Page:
Most of the explanations of the meanings and origins of the word ‘Kadazan’ assumed that the word was of recent origin–specifically in the late 1950’s and early 1960’s–as assumed in the explanations for its origin from ‘kakadazan’ (towns), ‘kedai’ (shops), and from the claim that Kadazan politicians such as the late Datuk Peter J. Mojuntin coined the term. Is it true that the word ‘Kadazan’ was of recent origin? In fact, the word ‘Kadazan’ is not of recent origin. Owen Rutter, in his book, “The Pagans Of North Borneo”, published in 1929, wrote: “The Dusun usually describes himself generically as a tulun tindal (landsman) or, on the West Coast, particularly at Papar, as a Kadazan.” (page 31). Owen Rutter worked in Sabah for five years as District Officer in all five residencies and left Sabah with the onset of the First World War. This means that he started working in Sabah from 1910 and left Sabah in 1914. We can therefore safely say that the word ‘Kadazan’ was already in existence before any towns or shops were built in the Penampang District and that Kadazan politicians did not invent the word in the late fifties and early sixties. Thus, the most likely explanation for the term ‘Kadazan’ is that it means ‘the people’.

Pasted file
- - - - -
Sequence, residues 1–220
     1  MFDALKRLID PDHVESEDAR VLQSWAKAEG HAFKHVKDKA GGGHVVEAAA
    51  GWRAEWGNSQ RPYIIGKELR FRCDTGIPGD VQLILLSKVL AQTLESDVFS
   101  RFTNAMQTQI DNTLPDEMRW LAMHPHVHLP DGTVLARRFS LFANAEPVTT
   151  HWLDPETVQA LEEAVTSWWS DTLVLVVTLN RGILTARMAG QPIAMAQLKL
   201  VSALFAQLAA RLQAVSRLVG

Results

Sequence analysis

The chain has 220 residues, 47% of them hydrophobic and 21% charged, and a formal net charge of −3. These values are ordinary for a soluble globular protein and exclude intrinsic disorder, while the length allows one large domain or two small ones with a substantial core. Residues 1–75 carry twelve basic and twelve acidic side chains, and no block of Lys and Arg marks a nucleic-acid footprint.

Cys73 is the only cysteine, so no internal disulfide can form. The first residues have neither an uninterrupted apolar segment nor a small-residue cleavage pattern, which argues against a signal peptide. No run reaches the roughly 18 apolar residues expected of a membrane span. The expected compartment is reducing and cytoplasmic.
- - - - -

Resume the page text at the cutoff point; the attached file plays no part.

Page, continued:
With regard to the word ‘Dusun’ and how it came to be applied to these people, Owen Rutter in his book, “The Pagans Of North Borneo”, offers us the explanation as to how the word ‘Dusun’ came to be applied to the most largest ethnic group in Sabah. On the origins of the words ‘Dusun’ and ‘Murut’, he wrote: “The pagans are usually divided into two main tribes, to which are given the distinguishing names of Murut and Dusun. These names are, however, never used by the tribes themselves, but appear to have been applied to them by the Mohammedan invaders. The word ‘Murut’ is derived from the Bajau ‘belud’ ‘hill’ and ‘Dusun’ from the Malay ‘dusun’ ‘orchard’. So that ‘orang Murut’ and ‘Dusun’ [respectively] meant ‘men of the hills’ and ‘men of the orchards’ or ‘gardens’.” (page 30).
The above account by Owen Rutter seems to suggest that the word ‘dusun’ was used by the Bajaus of the coastal areas of the West Coast in referring to the native people of Penampang and Papar. When the first white men came to the shores of Sabah, the first people to meet them were the Bajaus or Malays, and when the white men asked, “Who are the natives living in the Penampang and Papar areas?”, they would have replied, “Orang dusun”, meaning ‘villagers’ or ‘orchard people’. The white men not knowing the real meaning of the word ‘dusun’ believed that these people were called ‘Dusun’. This was how ‘Dusun’ came to be applied to the largest indigenous ethnic group of Sabah.
The writer hopes that this article will in some way make the blurred picture of the ongoing question on the origins and meanings of the terms/words ‘Kadazan’ and ‘Dusun’ clearer.
Richard F. Tunggolou
Member of the Committee of Management
Kadazandusun Language Foundation (KLF)
Feb. 21, 1999